Ramadan diary: day 30

And here we are – the last day. So I failed to keep a daily diary. Very apt since I kind of failed doing Ramadan this year.

Yesterday I found myself having to literally convince myself to get up and pray. It was an internal battle between my body and soul – I could physically feel myself having to rip away at whatever was holding me down. And once I stood it was a battle to keep standing. And every time I completed a section I had to fight to stand back up.

And I am terrified. Terrified that I won’t be able to keep steadfast. My soul won last night but barely.

When I started this month I knew it would be hard. When you have stayed away from prayer and His words for so long of course there will be some resistance. But what I found was my heart yearned for it. There was nothing I wanted more than to feel tranquillity and complete submission. There was however an almost physical barrier holding me back. And even after all these days I have not been able to break through.

And I know exactly why. I don’t think I have read even a page of the Quran. I have slept more than I have ever slept before. And I have spent more time on my phone than I have ever before. I wish I could say I was being productive – but no. I have literally been hooked to “watch me draw” videos – and I can’t draw and have no intention of getting into it so I have reached new levels of procrastination.

I know what I want but have not worked for it. And we all know the path to change is not easy. Essentially my insides feel hard and cold. And even though I know exactly how to change it, I haven’t. It’s that barrier – some sort of resistance that I have not been able to succumb the strength to smash.

As I write this, once again I am reminded of the power of words. Writing provides a clarity that no amount of shower thinking can give. I know what I have to do. I am currently in the process of deep cleaning my room – preparing for Eid. So, I can play out loud the surahs I have memorised already and read along. A small little action but a win for me nonetheless.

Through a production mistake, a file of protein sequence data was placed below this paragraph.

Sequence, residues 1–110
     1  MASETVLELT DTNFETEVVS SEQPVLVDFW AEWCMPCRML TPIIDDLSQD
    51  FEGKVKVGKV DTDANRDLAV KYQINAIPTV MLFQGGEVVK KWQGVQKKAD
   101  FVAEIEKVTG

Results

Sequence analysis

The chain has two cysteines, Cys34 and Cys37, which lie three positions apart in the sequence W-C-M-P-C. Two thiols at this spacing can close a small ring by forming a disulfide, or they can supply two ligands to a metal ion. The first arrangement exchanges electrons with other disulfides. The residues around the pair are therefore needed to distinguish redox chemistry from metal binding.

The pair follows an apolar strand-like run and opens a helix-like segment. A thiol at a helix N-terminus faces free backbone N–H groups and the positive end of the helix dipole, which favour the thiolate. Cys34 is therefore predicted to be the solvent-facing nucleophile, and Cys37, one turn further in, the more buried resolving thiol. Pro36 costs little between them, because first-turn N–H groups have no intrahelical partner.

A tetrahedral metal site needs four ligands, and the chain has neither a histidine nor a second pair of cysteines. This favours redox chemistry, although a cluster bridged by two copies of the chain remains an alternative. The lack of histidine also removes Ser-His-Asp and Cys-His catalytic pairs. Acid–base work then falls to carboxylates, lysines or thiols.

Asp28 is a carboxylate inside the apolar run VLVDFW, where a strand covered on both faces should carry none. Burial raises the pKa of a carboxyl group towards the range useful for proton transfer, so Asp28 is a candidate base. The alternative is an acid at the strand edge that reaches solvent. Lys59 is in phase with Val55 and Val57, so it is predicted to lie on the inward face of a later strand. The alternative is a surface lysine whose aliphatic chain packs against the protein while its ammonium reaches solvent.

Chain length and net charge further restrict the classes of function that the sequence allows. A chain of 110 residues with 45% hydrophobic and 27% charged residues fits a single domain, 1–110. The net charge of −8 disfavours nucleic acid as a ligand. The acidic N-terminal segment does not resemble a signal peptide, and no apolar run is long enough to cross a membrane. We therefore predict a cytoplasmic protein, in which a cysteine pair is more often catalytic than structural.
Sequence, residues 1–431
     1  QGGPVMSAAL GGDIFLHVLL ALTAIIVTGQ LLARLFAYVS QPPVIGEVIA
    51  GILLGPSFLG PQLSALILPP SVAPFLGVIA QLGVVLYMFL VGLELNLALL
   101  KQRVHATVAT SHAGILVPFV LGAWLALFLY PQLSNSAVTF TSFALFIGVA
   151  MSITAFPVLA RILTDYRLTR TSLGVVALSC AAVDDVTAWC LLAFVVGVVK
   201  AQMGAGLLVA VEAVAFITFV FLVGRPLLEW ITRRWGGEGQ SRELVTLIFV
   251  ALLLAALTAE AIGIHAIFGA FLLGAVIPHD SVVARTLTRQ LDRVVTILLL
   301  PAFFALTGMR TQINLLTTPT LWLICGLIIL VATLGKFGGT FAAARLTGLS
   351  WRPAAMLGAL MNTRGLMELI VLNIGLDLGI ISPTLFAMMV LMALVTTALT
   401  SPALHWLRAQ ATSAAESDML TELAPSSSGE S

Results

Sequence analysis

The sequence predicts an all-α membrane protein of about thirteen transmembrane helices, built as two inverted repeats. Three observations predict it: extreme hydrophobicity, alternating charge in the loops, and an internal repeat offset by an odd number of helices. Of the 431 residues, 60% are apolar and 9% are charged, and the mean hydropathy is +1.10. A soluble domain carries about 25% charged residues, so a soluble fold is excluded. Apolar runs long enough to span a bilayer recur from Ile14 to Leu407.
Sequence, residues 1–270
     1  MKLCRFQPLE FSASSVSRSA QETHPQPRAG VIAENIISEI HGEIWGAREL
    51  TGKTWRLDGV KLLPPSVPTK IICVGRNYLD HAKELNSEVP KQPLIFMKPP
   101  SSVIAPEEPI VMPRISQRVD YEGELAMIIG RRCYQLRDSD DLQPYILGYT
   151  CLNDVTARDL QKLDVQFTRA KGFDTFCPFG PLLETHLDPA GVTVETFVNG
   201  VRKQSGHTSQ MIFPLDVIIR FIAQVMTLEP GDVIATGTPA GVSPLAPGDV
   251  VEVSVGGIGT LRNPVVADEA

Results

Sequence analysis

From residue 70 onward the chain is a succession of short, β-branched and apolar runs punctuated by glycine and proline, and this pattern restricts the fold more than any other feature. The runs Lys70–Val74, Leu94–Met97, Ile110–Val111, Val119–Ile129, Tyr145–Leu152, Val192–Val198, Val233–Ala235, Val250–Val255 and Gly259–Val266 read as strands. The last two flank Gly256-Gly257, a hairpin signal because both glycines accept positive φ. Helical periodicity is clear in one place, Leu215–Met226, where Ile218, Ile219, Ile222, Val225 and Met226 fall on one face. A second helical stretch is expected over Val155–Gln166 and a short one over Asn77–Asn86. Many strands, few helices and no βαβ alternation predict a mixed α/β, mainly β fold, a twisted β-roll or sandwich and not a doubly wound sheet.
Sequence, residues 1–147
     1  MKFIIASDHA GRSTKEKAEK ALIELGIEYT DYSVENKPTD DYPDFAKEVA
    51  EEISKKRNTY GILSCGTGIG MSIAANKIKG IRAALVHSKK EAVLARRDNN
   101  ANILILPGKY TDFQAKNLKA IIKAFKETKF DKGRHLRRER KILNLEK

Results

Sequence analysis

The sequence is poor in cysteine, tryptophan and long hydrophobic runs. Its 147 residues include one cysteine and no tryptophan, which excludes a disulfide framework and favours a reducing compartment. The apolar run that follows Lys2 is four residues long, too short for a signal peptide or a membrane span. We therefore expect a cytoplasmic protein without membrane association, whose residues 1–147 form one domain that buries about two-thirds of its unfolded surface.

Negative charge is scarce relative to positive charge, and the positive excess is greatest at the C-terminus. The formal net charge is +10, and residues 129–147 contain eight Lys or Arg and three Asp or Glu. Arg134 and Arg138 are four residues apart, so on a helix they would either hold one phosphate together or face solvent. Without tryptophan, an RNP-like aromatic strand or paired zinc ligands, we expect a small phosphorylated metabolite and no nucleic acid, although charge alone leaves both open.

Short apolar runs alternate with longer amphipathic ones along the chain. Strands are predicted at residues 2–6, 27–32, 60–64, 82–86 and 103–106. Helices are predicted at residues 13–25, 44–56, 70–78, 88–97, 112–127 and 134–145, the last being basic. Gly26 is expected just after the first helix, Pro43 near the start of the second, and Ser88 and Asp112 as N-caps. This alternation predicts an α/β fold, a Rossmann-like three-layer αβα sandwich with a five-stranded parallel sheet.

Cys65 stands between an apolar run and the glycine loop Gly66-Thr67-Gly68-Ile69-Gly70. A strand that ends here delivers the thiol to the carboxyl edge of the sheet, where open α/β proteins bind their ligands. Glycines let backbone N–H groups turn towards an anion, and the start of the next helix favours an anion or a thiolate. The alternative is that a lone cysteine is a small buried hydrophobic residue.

I pray you have all had a productive Ramadan. And if you haven’t then don’t loose hope. It has just hit me that I should be focused on doing little things – crawl before I try to run. Ease my body into it. Chip away at the barrier rather than smashing it immediately. Perhaps this method will be more sustainable?

“He who comes with a good deed, its reward will be ten like that or even more. And he who comes with vice, his reward will be only one like that, or I can forgive him. He who draws close to Me a hand’s span, I will draw close to him an arm’s length. And whoever draws near Me an arm’s length, I will draw near him a fathom’s length. And whoever comes to Me walking, I will go to him running. And whoever faces Me with sins nearly as great as the earth, I will meet him with forgiveness nearly as great as that, provided he does not worship something with me.” (Muslim)

And of course Eid Mubarak. Hope you all have a day full of blessings, fatty foods and surrounded by family. I will be spending the day at my “aunt” (mum’s best friend)’s house where all the family and friends will come together. The day will typically involve me dressing to the high heavens just to sit around and eat all day. And of course taking a new picture to finally change my social media display pics.